7 Project Management Tips for Consultants
Consultants face a unique business challenge. Unlike internal hires that are expected to have a transition period and slow productive build, consultants are expected to hit the ground running, delivering high-impact results on time and on budget, every time. Not only are these pressures coming from the client, but they are also caused internally by the nature of the business.
Time is money, especially in consultancy. This means that project management isn’t just a way to track what is or is not done; it is the best way to make sure resources are being used strategically, that output is maximized, and that progress is in line with projections and commitments.
Tips for How Consultants Can Use Project Management to Improve Productivity and Profitability
Project management is usually viewed as a means to track which tasks need to be done and by whom. But in a consulting company, project management has the ability to do much more. For consultants, project management can help improve productivity and profitability by:
- Improving job cost and bidding
- Improving timeline and budget management
- Maximizing resources (without overloading them)
- Ensuring consistent and timely deliverables
- Optimizing processes
Below are 7 project management tips for consultants to help improve business processes, maximize resources, and improve profitability.
1 – Link Project Management to Proposal Creation
One of the biggest differences between a young consultant firm and a seasoned one is the ability to accurately bid time and resources. However, it doesn’t necessarily take years of experience to nail down budgets and timelines—it just takes better data.
The best project management tools allow you to use job and resource data to create better-informed proposals. This includes live views of resource pools, scenario builders and comparison tables based on the resources you have available, profit margin modelers, and forecasting.
Your project management processes should not only provide information about which resources are available, they should also provide post-mortem data on previous projects to show where you may need greater, or fewer, resources, where you tend to incorrectly estimate hours to complete certain tasks, or where certain resources may be more productive than others. This will help inform each subsequent project proposal to improve productivity, output, and profitability.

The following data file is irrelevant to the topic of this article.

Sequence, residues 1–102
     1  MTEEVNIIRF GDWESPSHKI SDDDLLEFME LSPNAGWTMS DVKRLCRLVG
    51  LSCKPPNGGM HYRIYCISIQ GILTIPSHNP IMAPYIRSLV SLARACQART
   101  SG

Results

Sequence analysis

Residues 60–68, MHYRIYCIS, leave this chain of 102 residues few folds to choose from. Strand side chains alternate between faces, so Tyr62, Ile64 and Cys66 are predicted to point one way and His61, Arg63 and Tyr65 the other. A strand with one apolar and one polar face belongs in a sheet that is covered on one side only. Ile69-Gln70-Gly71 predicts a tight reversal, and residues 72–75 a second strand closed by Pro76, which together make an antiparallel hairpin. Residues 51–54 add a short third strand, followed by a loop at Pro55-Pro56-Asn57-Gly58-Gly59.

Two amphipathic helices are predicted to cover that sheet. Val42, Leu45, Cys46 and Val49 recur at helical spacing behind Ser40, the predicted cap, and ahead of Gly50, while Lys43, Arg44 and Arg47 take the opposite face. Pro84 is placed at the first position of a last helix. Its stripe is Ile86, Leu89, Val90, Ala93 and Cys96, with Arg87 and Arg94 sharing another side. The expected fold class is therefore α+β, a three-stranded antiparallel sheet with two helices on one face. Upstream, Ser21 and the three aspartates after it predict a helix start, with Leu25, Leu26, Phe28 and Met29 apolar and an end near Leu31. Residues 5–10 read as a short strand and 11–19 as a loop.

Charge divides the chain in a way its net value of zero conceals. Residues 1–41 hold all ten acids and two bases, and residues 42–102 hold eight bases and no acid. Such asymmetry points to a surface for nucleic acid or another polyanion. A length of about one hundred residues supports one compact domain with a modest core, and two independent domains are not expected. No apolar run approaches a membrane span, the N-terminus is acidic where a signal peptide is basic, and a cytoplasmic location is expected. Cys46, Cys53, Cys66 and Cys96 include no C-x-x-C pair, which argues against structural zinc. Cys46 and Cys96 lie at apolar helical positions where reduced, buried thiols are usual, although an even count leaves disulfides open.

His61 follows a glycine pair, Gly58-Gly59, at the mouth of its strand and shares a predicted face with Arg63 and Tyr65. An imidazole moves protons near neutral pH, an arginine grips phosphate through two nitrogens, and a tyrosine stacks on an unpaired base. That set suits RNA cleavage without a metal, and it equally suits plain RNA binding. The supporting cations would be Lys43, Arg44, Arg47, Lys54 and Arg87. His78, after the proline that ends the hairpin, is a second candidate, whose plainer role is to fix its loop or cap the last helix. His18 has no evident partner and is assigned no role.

2 – Be (More) Specific in Scope
Any consultant who has experienced scope creep (or “scope explosion”) knows that one of the biggest threats to profitability is a mid-project change in scope. Taking the time to truly understand a project and include a detailed scope of work in the contract can help to prevent the scope of work expanding without compensation. It gives you the opportunity to create change orders—including an updated budget—if a client comes back with additional changes not included in the initial scope of work.
This is also important in the way you implement your project management. Being specific about what is included in each stage of a project will enable your employees to do exactly what is required—no more, no less—for a more controlled output. Being specific about project scope within your team means you’re ensuring additional resources aren’t being used where they won’t result in actual productive business impact.
3 – Reuse Whenever Possible
Most consulting companies have aspects of their deliverables that are repeats in whole or in part of products already completed for other clients. Whether this is templates of documents, programming code, presentations, or other projects, it can be highly productive to prevent redundancy in your consulting company. This allows you to produce similar output with decreased input.